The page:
It seems like this election season is filled with more attention from the media than any in memory. Its not, rather there is a lot more venues for election information to get to people. The old media like newspapers and radio, the middle aged outlets of TV are supplanted by several cable news channels, news sites on the net, blogs and special interests coming at us from all of the above and surreptitious attempts to influence. Actually, credible thoughtful investigative journalism seems distinctly absent.

Reality is quite different from all the plan and policy information talked and parsed and discussed. The studies done by public interest groups, polling organizations and even more special interest groups and political committees, plus the “talking heads” and spin doctors just add to the bonfire. So:

When is the last time a presidential candidate pulled off the plans laid out in any significant way or in near similarity to what the campaign promises offered? Long pause there . . . OK, Ronald Reagan got along with a noteworthy batch and Lyndon Johnson stuffed many of his plans right through Congress almost with Americans watching him collar Congressmen and physically put them on his side of the votes. Newt Gingrich managed to stuff 9 of his 10 points into law with the “Contract With America,” but Representative Gingrich was the House Majority Leader and even overwhelmed Bill Clinton to get them signed onto law. The mystery is how Clinton managed to make that huge success seem to be his own and then even that has been co-opted by his wife Hillary for her run at being president.

What the reality check is about is the fact that anything has to be passed by both the House and the Senate. Before that, someone(s) will write bills, that will be redone uncounted times in committees, voted on then passed back to a joint House and Senate conference committee, voted on again and maybe, just maybe sent on to the new president for signing into law. That’s the crunched, abbreviated and very short version. Expect lots of changes, add-ons, pork, earmarks and other bits that cost billions to get slipped into the game along the way. The chances are the campaign promise will be utterly lost if even the theme still exists.

That said, reality is more about the possible instead of the plans and policy offers in the campaign. The differences between the two main candidates are not especially significant in plans and policies. One way or another, both will answer the public’s demands as fed up or packaged by the media and dissected and rebuilt by special interest groups influencing Congress.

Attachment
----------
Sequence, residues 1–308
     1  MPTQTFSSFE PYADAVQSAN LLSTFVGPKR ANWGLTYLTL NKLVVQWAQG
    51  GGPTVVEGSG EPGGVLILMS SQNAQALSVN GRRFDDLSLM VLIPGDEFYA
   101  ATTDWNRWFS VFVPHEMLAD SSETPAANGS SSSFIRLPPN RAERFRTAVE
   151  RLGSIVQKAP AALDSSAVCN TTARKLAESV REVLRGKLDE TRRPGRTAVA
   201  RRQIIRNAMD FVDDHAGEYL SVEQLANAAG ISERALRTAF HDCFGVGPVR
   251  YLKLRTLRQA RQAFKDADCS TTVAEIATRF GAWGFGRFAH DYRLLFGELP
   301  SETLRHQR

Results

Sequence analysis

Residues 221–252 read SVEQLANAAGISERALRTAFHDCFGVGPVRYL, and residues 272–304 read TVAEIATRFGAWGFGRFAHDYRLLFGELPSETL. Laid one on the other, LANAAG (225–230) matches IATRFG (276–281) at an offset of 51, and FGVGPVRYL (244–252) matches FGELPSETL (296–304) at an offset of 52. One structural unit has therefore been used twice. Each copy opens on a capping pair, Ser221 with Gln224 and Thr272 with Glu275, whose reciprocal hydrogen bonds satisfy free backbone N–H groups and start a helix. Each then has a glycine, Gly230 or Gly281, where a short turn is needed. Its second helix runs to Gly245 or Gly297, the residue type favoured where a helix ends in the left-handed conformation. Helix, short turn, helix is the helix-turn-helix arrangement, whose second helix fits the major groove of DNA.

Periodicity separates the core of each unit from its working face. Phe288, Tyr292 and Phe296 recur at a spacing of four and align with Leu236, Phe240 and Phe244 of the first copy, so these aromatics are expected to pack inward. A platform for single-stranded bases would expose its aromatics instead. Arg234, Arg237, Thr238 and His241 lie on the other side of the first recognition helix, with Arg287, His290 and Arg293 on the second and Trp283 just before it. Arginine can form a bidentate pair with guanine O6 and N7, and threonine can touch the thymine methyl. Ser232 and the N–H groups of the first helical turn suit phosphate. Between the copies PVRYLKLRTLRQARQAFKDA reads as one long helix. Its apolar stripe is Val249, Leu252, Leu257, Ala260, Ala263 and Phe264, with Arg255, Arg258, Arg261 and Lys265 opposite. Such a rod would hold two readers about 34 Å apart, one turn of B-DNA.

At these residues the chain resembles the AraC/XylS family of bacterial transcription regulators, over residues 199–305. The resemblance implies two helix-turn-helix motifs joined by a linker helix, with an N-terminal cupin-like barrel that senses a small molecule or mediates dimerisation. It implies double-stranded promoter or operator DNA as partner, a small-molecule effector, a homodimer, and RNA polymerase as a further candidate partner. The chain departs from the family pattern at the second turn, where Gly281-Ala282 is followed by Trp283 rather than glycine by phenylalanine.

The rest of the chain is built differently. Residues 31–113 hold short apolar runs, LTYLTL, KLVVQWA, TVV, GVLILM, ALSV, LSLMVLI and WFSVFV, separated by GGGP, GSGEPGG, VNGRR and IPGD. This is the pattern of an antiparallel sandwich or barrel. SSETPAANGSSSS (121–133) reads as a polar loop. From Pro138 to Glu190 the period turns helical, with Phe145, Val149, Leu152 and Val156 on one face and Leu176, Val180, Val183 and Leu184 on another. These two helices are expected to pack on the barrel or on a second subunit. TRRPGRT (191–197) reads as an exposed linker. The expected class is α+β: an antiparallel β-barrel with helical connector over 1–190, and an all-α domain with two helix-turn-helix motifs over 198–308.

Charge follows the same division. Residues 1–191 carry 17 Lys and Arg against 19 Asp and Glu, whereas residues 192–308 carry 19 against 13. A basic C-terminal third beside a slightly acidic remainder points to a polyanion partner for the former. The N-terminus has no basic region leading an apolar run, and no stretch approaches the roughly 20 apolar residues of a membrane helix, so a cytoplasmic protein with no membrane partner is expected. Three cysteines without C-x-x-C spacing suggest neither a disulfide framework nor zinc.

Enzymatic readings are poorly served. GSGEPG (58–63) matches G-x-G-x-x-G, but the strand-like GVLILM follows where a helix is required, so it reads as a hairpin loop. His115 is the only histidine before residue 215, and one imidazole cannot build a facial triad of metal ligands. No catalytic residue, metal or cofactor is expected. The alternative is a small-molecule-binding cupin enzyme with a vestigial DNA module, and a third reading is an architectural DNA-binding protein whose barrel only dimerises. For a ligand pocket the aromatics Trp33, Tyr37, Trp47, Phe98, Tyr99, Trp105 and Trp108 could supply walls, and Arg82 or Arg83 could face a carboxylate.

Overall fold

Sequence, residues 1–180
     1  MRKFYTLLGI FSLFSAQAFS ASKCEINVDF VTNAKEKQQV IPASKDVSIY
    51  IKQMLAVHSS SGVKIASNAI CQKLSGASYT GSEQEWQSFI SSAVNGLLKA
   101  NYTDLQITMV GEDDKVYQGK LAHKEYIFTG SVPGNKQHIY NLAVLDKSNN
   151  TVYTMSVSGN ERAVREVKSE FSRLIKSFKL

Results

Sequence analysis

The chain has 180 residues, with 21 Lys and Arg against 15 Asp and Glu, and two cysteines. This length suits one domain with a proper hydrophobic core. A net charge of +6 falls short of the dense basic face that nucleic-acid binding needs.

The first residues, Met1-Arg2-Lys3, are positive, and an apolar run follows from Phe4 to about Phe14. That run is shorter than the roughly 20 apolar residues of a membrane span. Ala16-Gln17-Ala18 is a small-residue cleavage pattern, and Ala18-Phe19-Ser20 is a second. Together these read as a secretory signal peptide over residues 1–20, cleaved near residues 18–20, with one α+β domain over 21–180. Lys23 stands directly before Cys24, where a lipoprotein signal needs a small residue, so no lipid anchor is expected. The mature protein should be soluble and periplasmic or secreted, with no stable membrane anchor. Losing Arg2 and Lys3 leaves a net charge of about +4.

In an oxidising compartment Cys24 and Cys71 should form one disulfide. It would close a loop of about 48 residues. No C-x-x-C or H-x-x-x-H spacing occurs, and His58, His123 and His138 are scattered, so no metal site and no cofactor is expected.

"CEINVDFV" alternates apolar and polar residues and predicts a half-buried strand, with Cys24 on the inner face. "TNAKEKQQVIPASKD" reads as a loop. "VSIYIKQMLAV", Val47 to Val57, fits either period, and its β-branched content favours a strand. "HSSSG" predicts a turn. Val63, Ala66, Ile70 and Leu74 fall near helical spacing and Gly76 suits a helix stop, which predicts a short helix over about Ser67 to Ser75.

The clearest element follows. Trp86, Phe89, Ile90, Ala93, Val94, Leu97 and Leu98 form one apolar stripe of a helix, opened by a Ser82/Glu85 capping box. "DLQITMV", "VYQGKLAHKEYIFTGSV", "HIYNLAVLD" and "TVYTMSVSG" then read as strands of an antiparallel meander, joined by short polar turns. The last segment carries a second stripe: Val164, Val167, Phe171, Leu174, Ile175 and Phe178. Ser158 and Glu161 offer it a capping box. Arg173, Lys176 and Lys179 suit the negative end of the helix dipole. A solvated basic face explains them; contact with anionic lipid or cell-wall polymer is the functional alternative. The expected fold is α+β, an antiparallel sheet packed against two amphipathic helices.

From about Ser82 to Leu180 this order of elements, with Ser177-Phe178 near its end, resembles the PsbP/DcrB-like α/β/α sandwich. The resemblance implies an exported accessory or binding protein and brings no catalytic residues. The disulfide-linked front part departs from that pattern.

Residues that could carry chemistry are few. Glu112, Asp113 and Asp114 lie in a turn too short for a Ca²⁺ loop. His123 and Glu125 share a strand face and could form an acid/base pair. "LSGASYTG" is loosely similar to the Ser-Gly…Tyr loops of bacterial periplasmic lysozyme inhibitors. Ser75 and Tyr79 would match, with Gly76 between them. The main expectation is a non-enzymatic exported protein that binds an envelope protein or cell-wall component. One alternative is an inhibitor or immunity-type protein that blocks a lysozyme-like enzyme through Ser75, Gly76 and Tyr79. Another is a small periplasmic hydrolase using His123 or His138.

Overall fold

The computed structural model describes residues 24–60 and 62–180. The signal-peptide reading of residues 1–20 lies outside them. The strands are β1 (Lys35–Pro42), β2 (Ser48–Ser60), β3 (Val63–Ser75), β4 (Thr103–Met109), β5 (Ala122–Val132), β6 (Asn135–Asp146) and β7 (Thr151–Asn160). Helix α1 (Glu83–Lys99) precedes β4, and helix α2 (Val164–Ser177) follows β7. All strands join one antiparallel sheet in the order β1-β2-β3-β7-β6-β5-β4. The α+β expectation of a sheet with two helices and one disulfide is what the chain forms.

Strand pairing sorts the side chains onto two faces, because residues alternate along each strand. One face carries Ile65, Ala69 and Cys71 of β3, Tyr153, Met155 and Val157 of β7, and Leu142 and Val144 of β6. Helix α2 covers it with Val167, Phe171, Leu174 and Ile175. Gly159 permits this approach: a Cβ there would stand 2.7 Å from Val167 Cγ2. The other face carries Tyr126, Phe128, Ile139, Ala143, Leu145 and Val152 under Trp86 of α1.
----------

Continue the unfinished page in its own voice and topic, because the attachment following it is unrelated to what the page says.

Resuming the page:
What is in play is the proposals that come with the mandate from each election at the front end, the effectiveness of the President during the Congressional mastication, digestion and dispensation of the public’s business as leavened by the Congress’ sense of constituent views and the prospects of getting the president’s signature at the end.

Pull out all of the negative advertising. Grow up and pass the pandering and motivational junk and look exactly at the quality of the thought in the plans. Do your own reality check – what of these ideas can survive the Congressional tour and carry along the minimum of destructive junk at the end?

The worst possible thing that can happen is for one political party controlling both the Congress and Presidency. In that case (no matter which one) the costs are incredible and passed on to the future. Worst of all would be the single party rule having more than the 60 votes in the Senate to override the filibuster, the last of democracy’s defenses against extremism. Just to scare you – its possible the next president and Congress may be in just that situation come January. There’s an “Oh My God” moment for you.

Keep in mind; Harry Reid and Nancy Pelosi will be back at their majority leadership jobs no matter who wins the Presidency. Their goals will be supreme over whoever wins, is president and whatever the strength of the election mandate.

Now one has to think critically. Who can work with, effectively manage and maneuver the nation’s business past those two? Do you want to put the nation at risk with a single party system for two or four years? How long will it take to undo any damage? What never ending taxpayer bloodbaths will be born? Isn’t a competitive perspective a huge advantage to America?

You’ve been promised goodies, problems solved, a better life and a new kitchen sink, all with soaring rhetoric and feel good meetings, speeches and more comedy than ever before. We even paid for the whole thing, hundreds of millions of dollars, gone forever to sell us something we should have not be wanting to buy in the first place.

You see, no matter who wins, we’ll still be responsible for ourselves. The rules might change, and if the government chooses it will take from all and give back to the allowed few what the law, regulation and bureaucratic oversight choices might be.

There is the problem. When government takes over responsibility the choices, changes, innovation, and improvements become limited and if ever to change must go through the political process again with a whole new constituency of workers and beneficiaries to overcome in the repair effort. That could take decades.

Being responsible for oneself would get much harder, done from a poorer position, likely with government competition setting a limit, not a floor for quality and quantity just as we’ve seen before.

Americans might just learn in this election cycle that freedom means mostly one thing – freedom to choose how to be responsible for oneself and our loved ones.

This time “Change” doesn’t mean more choice, freedom or responsibility.


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